Tetracanthus | Neolamprologus tetracanthus
Cichlids / Africa / Lake Tanganyika / Tetracanthus
Profile: Tetracanthus, Pearl-lined Lamprologus
Neolamprologus tetracanthus Synonyms: Lamprologus brevianalis, L. tetracanthus
Physical description: An elongated fish with a slender caudal peduncle. The body color is light brown to beige. The body is marked with five or six dotted lines. These are a pearl-white color and runs from the gill cover, back to through the caudal fin. The other fins are also marked with these spots. The dorsal and caudal fins have a pearl-white edging. The pelvic and anal fins have a darker edging. Four broad, barely visible, darker transverse bands are located on the body.
Size/Length: To 8" (20 cm)
Similar species: None
Habitat: Eastern Africa; inhabits the transitional regions between rocky and sandy areas-Lake Tanganyika.
S: bottom, middle
Aquarium: A 36" (91 cm) tank with a volume of 35 gallons (132 L) can be used. It should be arranged with a rocky set-up having caves and crevices. The substrate should be coral sand. Leave open swimming areas.
Water chemistry: pH 7.5-8.8 (8.0), 8-20 dH (14), 77-82°F (25-28°C)
Social behavior: A peaceful fish that is territorial towards others of its own species. Do not combine with small fish (under 2.5" or 6.4 cm) as they may be eaten. Pairs form monogamous bonds and nuclear families. Can be combined with other Lake Tanganyika cichlids of a similar size.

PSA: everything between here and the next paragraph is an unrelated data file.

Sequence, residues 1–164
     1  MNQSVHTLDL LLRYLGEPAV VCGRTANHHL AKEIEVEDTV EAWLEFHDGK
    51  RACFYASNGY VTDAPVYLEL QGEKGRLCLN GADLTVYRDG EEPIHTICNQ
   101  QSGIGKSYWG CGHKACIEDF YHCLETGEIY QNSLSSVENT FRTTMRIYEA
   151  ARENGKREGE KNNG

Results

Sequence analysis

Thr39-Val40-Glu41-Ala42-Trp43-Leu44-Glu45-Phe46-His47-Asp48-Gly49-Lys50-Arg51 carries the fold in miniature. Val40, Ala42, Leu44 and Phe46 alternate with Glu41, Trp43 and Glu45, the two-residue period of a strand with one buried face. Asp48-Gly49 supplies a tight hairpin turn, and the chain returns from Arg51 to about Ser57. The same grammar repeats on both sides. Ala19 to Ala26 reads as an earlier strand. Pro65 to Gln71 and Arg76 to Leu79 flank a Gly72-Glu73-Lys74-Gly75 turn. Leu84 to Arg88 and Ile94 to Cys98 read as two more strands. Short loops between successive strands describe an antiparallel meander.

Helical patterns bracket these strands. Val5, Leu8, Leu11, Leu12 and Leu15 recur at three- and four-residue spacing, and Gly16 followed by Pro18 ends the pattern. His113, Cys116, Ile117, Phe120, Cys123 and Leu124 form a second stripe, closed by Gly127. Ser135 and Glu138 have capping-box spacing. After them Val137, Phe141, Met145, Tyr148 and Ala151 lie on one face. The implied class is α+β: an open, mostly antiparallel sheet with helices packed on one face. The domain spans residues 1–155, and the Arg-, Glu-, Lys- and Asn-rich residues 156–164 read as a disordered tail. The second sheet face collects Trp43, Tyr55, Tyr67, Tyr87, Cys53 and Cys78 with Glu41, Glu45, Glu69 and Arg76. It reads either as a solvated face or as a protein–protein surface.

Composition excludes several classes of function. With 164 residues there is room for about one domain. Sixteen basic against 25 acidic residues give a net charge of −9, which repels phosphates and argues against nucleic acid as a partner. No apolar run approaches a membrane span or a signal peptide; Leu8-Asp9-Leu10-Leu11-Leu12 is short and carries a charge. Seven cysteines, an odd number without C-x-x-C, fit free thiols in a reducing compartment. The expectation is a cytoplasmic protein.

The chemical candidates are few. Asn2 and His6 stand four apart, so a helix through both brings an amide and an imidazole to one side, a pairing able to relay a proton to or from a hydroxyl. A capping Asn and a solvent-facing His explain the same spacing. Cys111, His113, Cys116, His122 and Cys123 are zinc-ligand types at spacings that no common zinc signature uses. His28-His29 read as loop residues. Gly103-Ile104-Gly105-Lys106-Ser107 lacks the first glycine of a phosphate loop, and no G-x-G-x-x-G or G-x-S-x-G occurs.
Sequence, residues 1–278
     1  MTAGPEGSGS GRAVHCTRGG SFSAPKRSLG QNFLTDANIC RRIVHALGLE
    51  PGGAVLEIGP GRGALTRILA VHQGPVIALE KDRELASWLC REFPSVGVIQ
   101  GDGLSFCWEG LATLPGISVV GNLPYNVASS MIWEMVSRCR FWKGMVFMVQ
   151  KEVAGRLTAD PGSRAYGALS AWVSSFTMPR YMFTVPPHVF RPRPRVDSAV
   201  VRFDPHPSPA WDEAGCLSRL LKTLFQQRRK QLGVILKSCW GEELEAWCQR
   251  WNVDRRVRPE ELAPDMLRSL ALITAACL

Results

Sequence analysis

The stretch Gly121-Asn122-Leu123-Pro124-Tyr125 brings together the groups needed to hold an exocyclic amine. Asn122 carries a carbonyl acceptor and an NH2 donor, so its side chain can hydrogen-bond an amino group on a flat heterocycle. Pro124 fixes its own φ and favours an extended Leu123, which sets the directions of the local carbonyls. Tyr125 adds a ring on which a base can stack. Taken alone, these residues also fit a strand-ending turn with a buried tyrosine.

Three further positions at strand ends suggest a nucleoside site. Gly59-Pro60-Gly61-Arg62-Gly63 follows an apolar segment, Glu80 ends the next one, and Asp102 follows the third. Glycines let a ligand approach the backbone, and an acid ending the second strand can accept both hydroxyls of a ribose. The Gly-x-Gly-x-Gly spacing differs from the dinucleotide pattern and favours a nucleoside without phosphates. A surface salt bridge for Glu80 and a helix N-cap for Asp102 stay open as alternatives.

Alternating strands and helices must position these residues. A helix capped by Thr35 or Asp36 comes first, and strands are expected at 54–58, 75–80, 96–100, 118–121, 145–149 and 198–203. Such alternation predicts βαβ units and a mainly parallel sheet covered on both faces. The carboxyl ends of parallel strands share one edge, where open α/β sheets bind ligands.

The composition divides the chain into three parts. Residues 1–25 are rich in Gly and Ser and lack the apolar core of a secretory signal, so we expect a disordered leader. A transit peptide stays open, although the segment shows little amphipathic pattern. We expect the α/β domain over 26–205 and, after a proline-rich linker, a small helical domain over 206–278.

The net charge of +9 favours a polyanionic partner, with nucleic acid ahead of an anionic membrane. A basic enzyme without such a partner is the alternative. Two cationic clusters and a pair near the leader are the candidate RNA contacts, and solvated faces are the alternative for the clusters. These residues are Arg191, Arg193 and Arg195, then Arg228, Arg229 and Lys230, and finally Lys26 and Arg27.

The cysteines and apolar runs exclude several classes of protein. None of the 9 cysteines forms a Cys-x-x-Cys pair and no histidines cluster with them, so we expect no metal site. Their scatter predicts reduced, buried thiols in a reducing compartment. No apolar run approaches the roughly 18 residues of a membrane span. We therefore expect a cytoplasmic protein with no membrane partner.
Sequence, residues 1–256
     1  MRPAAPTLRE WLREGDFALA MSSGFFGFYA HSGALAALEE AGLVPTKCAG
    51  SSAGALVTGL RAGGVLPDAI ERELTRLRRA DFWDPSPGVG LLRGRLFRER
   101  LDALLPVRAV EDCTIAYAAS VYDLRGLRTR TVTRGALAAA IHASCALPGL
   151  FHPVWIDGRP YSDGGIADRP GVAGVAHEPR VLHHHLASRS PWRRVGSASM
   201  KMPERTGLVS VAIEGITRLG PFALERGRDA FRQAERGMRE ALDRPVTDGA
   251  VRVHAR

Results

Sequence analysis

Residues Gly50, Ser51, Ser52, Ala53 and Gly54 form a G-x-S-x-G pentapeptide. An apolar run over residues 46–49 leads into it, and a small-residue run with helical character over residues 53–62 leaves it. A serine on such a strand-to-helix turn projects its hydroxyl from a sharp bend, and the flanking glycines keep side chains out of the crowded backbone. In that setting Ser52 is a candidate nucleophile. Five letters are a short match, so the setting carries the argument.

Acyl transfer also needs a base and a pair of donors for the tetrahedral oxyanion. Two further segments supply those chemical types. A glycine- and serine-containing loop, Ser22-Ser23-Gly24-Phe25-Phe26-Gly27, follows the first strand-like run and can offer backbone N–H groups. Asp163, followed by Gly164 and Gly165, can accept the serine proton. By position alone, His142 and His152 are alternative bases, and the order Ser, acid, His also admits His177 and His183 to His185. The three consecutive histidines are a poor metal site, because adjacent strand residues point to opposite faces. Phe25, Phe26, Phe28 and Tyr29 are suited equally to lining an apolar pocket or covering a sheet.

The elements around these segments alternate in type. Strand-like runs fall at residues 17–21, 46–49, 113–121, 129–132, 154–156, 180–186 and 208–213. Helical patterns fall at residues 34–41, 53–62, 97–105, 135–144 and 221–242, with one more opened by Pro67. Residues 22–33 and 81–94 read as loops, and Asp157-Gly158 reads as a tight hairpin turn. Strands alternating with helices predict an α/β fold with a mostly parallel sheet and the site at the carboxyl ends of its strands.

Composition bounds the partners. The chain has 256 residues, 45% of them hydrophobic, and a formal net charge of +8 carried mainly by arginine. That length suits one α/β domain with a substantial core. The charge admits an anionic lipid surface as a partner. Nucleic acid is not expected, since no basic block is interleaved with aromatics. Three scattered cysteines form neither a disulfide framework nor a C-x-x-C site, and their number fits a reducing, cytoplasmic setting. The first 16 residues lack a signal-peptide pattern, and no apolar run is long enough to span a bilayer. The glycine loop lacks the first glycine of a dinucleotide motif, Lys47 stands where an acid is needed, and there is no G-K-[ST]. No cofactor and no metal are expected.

Suggested companions: Julidochromis, Neolamprologus, Cyprichromis, Synodontis, Lamprologus, Aulonocara, Lamprichthys, Rainbowfish.
FOOD: Live; snails are a favorite, mollusks, small fish, aquatic insects, crustaceans, insect larvae; mussels; chopped meat; pellets.
Sexual differences: The male reaches a larger size, and develops a cranial hump.
Breeding techniques: Use a water with a temperature from 79-84°F (26-29°C), a pH from 7.7-8.2, and a water hardness from 12-15 dH. A breeding tank containing a single pair and a number of caves should do. As many as 150 eggs are laid on the ceiling of a previously cleaned cave. The eggs are carefully guarded by the female, while the male watches over the territory. The fry hatch after 3-4 days and feed off their egg sacs for another three days. The young are moved to a previously dug pit inside the cave. After five to six more days, the fry are free-swimming and can be fed on Artemia nauplii, Cyclops nauplii, and crushed dry foods. The fry are very sensitive to chemicals, disease, and changes in water chemistry.
Breeding potential: 7. The Tetracanthus is a difficult fish to breed.
Remarks: The Tetracanthus is sensitive to the build-up of toxic compounds. Make frequent water changes. This cichlid is commonly caught in Lake Tanganyika.
Difficulty of care: 5. A sensitive fish that requires a diet including live foods.